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Prunes are dried plums, and they are known for their laxative qualities. Many people try eating prunes or drinking prune juice to alleviate constipation.

Now, researchers are exploring the impact of prunes on other areas of health.

There are many different types of plums, which range in color, texture, and taste. Any dried plum is technically a prune, but the term usually applies to the dried version of the widely available European plum called Prunus domestica.

Other common types of plum are Prunus salicina and Prunus americana. Together, these three types of plum are responsible for most of the prune production in the world.

All three are all freestone plums, meaning that it is easy to remove the pit. This makes drying and storage simple and ensures that the prune stays whole throughout the process.

Drinking prune juice is an easy way to make the most of these sweet, nutritious fruits.

In this article, we look at the benefits and nutrition of prune juice. We also cover the recent research on this dried fruit and explain how people can incorporate more prunes into their diet.

Prune juice is healthfulShare on Pinterest
Prune juice is a healthful addition to the diet, and not only for constipation.

People have used prunes in traditional medicine for centuries, adding them as an ingredient to treatments for:

Prunes and prune juice have a range of proven and possible benefits, including those below:

Bowel function

The most well-known benefit of prunes is their laxative effect.

Eating prunes can mobilize the digestive system and decrease the time between bowel movements. This effect may be due to the fruit being rich in fiber and containing high levels of sorbitol, which is a known laxative.

People with constipation may find that drinking between half a cup and 1 cup of prune juice in the morning helps stimulate digestion. A second cup 30 minutes to 1 hour after a heavy meal may also be beneficial.

In a 2014 review in the journal Alimentary Pharmacology and Therapeutics, researchers noted that prune consumption was more effective than psyllium husk at treating constipation. Psyllium is a popular over-the-counter (OTC) remedy for constipation, and it consists mainly of soluble fiber.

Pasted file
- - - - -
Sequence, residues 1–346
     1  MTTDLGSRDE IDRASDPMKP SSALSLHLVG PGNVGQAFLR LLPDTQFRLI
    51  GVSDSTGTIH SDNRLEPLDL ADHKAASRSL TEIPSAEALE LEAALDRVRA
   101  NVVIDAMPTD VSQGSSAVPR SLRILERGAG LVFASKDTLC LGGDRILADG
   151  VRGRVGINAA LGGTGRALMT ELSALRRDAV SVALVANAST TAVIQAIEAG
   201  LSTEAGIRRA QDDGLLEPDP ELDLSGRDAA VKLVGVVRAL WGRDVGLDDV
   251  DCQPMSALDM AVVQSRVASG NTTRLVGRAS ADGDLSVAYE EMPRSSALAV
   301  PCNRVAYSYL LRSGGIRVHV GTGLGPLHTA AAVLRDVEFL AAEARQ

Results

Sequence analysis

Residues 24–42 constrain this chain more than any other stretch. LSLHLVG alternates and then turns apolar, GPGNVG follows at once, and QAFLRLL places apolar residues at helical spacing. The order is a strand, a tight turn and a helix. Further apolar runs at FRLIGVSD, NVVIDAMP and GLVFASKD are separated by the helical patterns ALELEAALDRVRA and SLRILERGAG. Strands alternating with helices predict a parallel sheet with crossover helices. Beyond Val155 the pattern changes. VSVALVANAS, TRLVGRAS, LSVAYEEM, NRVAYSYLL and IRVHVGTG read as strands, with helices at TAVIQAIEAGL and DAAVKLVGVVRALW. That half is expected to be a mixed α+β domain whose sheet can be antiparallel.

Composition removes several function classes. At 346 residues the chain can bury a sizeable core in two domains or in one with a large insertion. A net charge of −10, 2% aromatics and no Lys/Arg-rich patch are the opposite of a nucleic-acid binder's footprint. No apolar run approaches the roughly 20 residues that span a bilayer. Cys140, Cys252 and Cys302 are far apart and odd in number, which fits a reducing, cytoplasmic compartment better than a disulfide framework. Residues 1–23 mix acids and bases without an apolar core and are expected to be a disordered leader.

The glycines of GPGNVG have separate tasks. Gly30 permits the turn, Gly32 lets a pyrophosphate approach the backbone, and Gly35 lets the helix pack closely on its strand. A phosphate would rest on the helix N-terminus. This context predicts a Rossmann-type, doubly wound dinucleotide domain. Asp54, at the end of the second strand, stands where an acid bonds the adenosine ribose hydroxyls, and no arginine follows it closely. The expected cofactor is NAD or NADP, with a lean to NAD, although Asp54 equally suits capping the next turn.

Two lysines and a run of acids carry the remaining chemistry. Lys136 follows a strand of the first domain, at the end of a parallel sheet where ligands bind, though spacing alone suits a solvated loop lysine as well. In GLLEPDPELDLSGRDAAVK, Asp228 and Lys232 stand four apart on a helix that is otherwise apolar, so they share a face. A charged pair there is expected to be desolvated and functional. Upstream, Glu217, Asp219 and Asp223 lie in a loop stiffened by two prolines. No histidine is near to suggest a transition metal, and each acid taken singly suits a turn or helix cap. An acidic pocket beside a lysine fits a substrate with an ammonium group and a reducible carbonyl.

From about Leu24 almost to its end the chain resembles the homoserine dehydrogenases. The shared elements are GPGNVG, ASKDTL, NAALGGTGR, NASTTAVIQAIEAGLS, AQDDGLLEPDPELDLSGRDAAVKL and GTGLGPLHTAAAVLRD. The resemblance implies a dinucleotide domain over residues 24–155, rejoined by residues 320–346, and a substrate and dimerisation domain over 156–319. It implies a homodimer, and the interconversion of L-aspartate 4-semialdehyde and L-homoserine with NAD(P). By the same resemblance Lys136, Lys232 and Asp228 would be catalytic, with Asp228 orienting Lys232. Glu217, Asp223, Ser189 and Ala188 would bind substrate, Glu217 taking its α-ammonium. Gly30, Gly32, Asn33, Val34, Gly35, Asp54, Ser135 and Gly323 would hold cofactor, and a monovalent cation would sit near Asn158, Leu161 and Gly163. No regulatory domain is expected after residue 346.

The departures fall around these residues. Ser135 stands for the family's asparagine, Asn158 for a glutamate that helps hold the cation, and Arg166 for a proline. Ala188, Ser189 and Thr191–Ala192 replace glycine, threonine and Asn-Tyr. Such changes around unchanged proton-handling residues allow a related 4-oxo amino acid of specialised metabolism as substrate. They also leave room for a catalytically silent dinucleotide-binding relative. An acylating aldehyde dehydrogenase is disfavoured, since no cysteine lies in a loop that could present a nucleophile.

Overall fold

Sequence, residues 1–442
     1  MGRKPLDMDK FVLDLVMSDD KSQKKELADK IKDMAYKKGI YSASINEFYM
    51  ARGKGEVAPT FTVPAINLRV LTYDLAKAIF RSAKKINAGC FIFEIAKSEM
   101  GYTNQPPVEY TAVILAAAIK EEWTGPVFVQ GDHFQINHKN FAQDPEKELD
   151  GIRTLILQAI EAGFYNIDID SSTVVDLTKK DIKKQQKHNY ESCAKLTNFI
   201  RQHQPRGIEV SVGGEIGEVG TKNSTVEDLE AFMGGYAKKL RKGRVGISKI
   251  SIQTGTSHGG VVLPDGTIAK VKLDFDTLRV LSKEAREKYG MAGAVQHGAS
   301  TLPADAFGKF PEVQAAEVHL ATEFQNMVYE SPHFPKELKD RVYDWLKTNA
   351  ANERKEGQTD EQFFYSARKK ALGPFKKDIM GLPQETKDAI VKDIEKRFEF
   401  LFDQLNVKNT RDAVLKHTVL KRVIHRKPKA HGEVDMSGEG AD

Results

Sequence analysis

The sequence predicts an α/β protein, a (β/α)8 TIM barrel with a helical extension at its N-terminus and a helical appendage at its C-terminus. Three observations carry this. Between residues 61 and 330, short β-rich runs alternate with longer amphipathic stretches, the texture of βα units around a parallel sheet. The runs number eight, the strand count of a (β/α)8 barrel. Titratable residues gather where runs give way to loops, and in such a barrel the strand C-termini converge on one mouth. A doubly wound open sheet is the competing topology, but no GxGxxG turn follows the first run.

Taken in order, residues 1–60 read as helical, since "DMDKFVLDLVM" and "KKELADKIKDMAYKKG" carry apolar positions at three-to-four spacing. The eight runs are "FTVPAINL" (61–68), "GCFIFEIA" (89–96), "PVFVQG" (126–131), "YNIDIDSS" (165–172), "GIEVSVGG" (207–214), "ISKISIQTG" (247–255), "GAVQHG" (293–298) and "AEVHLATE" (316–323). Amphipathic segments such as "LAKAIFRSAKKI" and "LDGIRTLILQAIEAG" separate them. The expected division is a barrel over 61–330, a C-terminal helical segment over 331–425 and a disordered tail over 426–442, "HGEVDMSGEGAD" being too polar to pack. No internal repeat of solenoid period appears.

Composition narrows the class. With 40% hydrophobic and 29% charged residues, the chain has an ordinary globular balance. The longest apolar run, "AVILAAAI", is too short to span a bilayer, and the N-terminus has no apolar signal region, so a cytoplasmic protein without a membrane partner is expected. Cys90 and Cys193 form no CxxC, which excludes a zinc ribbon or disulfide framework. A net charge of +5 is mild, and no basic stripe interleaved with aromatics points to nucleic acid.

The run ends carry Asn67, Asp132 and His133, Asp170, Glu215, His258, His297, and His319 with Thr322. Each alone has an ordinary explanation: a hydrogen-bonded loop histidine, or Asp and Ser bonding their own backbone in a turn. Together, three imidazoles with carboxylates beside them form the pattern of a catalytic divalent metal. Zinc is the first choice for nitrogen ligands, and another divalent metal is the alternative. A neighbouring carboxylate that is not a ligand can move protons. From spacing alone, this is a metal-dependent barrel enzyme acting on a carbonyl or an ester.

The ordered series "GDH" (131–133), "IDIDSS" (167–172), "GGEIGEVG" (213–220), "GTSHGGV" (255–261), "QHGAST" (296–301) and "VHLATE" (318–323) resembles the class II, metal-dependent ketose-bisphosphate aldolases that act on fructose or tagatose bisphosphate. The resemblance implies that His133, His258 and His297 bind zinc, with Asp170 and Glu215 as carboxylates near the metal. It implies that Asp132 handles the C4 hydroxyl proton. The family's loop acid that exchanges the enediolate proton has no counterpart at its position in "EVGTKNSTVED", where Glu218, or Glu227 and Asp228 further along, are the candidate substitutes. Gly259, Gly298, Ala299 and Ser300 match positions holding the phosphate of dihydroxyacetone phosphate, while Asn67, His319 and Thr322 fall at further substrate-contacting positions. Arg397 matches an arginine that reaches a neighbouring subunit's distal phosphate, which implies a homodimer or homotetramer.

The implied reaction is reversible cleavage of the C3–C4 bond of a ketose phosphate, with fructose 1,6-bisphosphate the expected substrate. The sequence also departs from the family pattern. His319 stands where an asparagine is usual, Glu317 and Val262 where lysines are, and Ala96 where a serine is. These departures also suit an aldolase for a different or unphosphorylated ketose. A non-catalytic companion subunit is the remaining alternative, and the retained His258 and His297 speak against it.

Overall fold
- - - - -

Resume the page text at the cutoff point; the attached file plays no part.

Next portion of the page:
The authors concluded that prunes may help increase the frequency of bowel movements in people with constipation and improve the consistency of the stools.

They also noted that more research is necessary to determine the digestive benefits of prune juice in individuals who do not have constipation.

Controlling appetite

Prunes can help prolong satiety, meaning that people will feel full for longer after eating them. Prune juice can also offer this benefit.

This feeling of fullness occurs because the soluble fiber content in prunes slows digestion. Prunes also have a low glycemic index (GI), which means that they increase blood sugar levels at a slow rate.

A low-GI diet offers a range of health benefits and may also allow people to go longer without feeling hungry.

Preventing high blood pressure

The potassium content in prune juice helps balance the levels of sodium in the bloodstream.

Elevated sodium levels may contribute to high blood pressure and a range of circulation and heart problems.

People who take in at least 4,700 mg of potassium per day reduce their risk of hypertension.

According to estimates, hypertension may be responsible for almost half of the cases of ischemic heart disease worldwide. Fewer than 2 percent of adults in the United States consume this amount of potassium.

Protecting bone strength

Dried plums contain a range of plant compounds that may promote bone strength.

A 2017 review found that including prunes and prune extracts in the diet helped preserve bone mineral density and prevent bone loss in women who had been through menopause.

This area of bone health is still under investigation. Although research is yet to provide significant evidence of this benefit, including prune juice in the diet is unlikely to cause adverse effects.

Preserving liver health

As part of traditional medicine, people used prunes as a remedy for hepatitis, a liver infection.